My lymphoma takes a back seat…

Sorry things have been rather quiet here lately, but I have to confess I’ve been less interested in following CAR-T and Follicular Lymphoma events for the past several months, and the reason is this: Last May, I was diagnosed with Prostate Cancer.

Fortunately, prostate cancer is a slow-growing cancer, allowing time to explore several options, including “active surveillance”, a.k.a. “watch-and-wait” (sound familiar, fellow fNHL survivors?).

Unfortunately, my “watch-and-wait” period proved short-lived, as a February biopsy showed progression to what is known as a Gleason 7, meaning treatment of some sort was now necessary to eradicate the cancer before it could spread outside the prostate.

I opted for a full prostatectomy rather than radiation (I was told they’re equally effective), and I had the surgery on April 4. I’m pleased to report that everything has gone much better than I expected, and my health is almost fully restored just 10 days later.

Two days ago I received the pathology report of the surgery. Four lymph nodes were removed for biopsy along with the prostate, and fortunately they showed no cancer. I suppose it is bonus information that there were no active lymphoma cells in the lymph nodes either. Thus the remission from my July 2015 CAR-T infusion continues!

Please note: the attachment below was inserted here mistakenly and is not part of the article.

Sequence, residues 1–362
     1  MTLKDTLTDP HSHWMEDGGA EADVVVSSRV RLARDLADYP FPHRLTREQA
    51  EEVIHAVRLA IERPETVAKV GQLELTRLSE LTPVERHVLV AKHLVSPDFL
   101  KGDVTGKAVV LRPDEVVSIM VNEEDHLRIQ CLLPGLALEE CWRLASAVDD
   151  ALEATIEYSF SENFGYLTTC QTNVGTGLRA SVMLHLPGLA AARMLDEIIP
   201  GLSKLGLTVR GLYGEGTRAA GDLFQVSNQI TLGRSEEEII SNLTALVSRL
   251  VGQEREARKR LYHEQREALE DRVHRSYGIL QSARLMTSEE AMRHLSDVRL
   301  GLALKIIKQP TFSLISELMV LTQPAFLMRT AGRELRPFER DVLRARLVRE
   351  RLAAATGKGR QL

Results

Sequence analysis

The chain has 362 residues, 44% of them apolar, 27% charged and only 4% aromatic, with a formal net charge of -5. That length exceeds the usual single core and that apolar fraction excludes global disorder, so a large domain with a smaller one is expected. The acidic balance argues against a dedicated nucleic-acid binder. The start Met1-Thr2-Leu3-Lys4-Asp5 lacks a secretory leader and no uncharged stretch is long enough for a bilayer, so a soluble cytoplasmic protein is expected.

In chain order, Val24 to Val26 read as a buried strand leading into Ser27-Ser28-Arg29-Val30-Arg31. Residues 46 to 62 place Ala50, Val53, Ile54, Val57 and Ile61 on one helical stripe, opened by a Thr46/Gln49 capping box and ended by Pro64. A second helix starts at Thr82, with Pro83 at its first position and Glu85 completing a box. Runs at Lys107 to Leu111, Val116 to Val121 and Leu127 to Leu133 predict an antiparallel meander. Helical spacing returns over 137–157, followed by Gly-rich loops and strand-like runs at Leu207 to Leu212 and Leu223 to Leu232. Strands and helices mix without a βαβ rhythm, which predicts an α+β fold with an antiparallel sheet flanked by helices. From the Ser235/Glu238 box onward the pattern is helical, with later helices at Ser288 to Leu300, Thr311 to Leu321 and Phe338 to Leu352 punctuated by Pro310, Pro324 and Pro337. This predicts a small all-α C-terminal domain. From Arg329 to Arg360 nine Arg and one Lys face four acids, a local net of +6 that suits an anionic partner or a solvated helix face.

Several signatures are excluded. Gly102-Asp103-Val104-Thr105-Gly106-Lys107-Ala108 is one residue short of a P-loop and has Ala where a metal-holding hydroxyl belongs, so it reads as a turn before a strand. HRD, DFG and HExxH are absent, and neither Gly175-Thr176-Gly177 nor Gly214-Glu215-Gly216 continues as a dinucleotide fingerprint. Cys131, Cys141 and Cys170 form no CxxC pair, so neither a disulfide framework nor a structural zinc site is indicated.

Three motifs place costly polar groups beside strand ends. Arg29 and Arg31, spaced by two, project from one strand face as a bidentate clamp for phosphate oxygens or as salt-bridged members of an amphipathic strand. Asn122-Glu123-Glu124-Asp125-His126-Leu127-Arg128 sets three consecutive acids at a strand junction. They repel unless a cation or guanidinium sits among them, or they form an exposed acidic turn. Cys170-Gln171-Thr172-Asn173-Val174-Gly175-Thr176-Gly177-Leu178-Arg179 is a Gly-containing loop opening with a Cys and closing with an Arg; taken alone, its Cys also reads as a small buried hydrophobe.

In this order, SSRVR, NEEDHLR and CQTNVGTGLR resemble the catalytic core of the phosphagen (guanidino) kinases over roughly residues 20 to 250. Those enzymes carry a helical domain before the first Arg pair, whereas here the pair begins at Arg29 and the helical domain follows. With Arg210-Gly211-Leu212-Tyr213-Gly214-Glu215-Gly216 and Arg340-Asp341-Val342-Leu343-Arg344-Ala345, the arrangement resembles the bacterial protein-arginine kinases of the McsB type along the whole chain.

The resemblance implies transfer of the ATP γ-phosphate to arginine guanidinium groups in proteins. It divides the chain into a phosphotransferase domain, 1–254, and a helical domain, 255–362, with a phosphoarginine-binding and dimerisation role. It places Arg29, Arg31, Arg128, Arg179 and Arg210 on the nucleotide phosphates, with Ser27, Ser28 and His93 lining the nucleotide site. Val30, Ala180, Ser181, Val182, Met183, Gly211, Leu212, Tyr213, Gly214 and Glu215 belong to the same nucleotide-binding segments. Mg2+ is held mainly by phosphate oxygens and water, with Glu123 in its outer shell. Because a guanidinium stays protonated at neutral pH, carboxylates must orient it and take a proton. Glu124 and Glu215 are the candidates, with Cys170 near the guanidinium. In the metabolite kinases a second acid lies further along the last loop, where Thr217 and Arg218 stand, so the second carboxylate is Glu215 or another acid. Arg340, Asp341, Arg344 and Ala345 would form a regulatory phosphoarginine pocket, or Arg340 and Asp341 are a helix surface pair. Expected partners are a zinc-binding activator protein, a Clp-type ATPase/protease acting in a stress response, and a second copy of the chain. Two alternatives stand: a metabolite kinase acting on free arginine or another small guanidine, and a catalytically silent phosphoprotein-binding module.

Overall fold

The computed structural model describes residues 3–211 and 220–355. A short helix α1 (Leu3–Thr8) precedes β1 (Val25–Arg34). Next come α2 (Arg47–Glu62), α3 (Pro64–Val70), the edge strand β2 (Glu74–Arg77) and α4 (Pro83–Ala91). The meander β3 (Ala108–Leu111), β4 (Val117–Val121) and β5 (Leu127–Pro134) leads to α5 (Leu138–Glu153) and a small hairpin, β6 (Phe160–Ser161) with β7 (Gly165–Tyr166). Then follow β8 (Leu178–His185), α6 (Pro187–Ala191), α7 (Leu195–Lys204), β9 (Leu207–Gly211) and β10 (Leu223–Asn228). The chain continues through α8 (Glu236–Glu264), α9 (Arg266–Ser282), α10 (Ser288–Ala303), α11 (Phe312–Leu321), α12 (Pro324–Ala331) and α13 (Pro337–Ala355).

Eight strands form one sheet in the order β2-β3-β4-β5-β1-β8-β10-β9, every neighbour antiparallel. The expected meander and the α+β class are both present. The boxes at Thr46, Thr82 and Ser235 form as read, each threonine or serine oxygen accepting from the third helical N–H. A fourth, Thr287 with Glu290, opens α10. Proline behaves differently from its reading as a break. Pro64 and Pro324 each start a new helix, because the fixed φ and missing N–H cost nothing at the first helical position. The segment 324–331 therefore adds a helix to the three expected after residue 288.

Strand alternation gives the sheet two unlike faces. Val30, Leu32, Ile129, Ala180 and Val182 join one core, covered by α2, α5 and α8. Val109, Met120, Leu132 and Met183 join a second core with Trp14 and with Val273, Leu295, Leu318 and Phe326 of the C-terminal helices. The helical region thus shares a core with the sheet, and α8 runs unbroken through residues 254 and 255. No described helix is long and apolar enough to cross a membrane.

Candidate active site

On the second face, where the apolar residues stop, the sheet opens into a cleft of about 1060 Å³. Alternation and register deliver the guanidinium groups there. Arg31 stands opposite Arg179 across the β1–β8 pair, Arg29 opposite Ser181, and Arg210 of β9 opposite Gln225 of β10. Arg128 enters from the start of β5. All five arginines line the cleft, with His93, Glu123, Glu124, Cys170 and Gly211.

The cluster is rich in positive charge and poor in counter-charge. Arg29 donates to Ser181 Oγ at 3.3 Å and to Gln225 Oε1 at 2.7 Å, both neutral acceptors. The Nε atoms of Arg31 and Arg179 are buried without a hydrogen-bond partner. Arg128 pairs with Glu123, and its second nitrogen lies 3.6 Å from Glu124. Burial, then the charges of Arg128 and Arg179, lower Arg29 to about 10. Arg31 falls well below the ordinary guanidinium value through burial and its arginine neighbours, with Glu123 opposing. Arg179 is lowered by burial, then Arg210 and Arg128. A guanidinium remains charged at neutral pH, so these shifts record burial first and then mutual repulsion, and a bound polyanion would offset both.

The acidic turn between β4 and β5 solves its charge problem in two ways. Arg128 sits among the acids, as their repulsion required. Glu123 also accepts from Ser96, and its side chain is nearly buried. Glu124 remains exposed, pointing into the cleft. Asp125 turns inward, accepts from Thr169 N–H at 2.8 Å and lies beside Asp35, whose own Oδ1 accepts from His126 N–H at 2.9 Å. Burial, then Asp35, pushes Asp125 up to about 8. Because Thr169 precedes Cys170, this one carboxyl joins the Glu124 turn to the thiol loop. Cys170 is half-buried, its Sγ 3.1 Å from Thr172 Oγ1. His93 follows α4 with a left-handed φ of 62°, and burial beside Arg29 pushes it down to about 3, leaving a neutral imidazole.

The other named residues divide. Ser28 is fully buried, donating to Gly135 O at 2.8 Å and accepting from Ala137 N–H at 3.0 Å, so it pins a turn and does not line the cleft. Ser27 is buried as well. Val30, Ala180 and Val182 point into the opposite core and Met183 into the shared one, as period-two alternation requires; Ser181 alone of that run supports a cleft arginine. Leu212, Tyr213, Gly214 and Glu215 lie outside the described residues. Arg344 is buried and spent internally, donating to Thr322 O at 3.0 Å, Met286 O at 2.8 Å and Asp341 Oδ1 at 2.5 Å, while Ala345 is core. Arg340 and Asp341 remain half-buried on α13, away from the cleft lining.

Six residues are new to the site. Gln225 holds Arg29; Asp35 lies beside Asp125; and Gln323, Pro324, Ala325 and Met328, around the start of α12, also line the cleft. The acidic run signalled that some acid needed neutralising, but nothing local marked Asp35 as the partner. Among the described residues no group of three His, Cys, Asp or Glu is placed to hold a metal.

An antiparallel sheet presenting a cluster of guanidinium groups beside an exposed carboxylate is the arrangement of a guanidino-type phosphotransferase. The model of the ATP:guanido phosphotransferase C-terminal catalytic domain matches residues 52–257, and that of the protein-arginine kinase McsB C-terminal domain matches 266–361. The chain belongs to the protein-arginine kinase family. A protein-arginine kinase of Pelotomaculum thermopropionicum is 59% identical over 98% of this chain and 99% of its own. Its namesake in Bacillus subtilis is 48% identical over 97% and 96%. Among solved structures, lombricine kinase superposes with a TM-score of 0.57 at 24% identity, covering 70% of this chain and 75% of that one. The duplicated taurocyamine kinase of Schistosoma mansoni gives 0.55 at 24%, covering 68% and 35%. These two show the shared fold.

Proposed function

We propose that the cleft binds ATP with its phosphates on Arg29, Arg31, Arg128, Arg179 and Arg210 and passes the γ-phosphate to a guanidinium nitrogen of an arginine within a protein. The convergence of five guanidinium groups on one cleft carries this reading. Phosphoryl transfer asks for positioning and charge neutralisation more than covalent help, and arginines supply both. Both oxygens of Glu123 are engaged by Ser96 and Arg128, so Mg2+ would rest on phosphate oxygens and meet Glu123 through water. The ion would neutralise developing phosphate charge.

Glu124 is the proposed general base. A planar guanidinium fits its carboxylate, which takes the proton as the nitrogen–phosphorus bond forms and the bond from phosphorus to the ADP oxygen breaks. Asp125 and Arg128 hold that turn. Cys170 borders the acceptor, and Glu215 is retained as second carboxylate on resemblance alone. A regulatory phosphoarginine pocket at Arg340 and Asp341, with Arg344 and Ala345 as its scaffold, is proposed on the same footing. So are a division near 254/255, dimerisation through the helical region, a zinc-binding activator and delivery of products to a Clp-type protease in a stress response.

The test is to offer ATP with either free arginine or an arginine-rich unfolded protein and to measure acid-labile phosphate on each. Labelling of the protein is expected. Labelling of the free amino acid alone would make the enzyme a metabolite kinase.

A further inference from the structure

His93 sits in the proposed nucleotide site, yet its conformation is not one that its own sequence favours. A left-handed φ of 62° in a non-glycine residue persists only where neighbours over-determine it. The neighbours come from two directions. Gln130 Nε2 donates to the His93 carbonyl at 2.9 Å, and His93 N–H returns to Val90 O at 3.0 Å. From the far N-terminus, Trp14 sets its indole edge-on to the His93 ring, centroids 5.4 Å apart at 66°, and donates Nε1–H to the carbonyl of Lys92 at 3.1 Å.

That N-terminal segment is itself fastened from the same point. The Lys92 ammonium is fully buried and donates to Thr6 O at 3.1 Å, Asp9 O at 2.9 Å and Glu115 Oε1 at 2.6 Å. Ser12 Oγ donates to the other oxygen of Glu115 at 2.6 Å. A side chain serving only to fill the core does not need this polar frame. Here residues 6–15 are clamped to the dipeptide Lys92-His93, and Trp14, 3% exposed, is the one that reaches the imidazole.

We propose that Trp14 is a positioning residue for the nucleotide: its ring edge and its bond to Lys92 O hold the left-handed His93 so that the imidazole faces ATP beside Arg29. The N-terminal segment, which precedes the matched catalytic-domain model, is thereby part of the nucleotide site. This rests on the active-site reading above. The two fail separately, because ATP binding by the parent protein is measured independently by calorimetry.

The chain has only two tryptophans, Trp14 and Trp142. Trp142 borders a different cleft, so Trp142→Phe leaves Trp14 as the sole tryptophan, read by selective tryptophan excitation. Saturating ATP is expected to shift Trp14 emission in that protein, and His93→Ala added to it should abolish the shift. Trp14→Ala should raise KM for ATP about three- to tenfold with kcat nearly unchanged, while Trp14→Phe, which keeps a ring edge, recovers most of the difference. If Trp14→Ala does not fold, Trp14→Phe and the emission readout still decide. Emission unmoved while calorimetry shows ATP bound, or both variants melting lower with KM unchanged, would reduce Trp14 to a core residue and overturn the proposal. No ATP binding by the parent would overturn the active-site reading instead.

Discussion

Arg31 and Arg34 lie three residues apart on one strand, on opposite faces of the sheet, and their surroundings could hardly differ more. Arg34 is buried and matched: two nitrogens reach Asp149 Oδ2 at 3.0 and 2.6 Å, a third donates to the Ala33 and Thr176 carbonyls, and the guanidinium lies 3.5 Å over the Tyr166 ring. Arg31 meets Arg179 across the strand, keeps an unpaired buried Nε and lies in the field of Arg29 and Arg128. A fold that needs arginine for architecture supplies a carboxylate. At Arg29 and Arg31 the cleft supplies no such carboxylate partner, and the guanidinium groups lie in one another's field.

During my exploration of options last summer, one radiologist mentioned to me that it was her belief that my prostate cancer took hold during the period when I was immunocompromised, as a result of several treatments leading up to my CAR-T infusion. No one else mentioned this, but I believe it has some merit. I think this is another reason fNHL patients should seek the minimum treatment necessary to achieve a reasonable remission — the risk of developing a secondary cancer. I’d be interested to read risk assessments of the various treatments available insofar as secondary cancers. The disease I seem to see most often is Myelodysplastic Syndrome (MDS), which has been described as a “pre-leukemia”.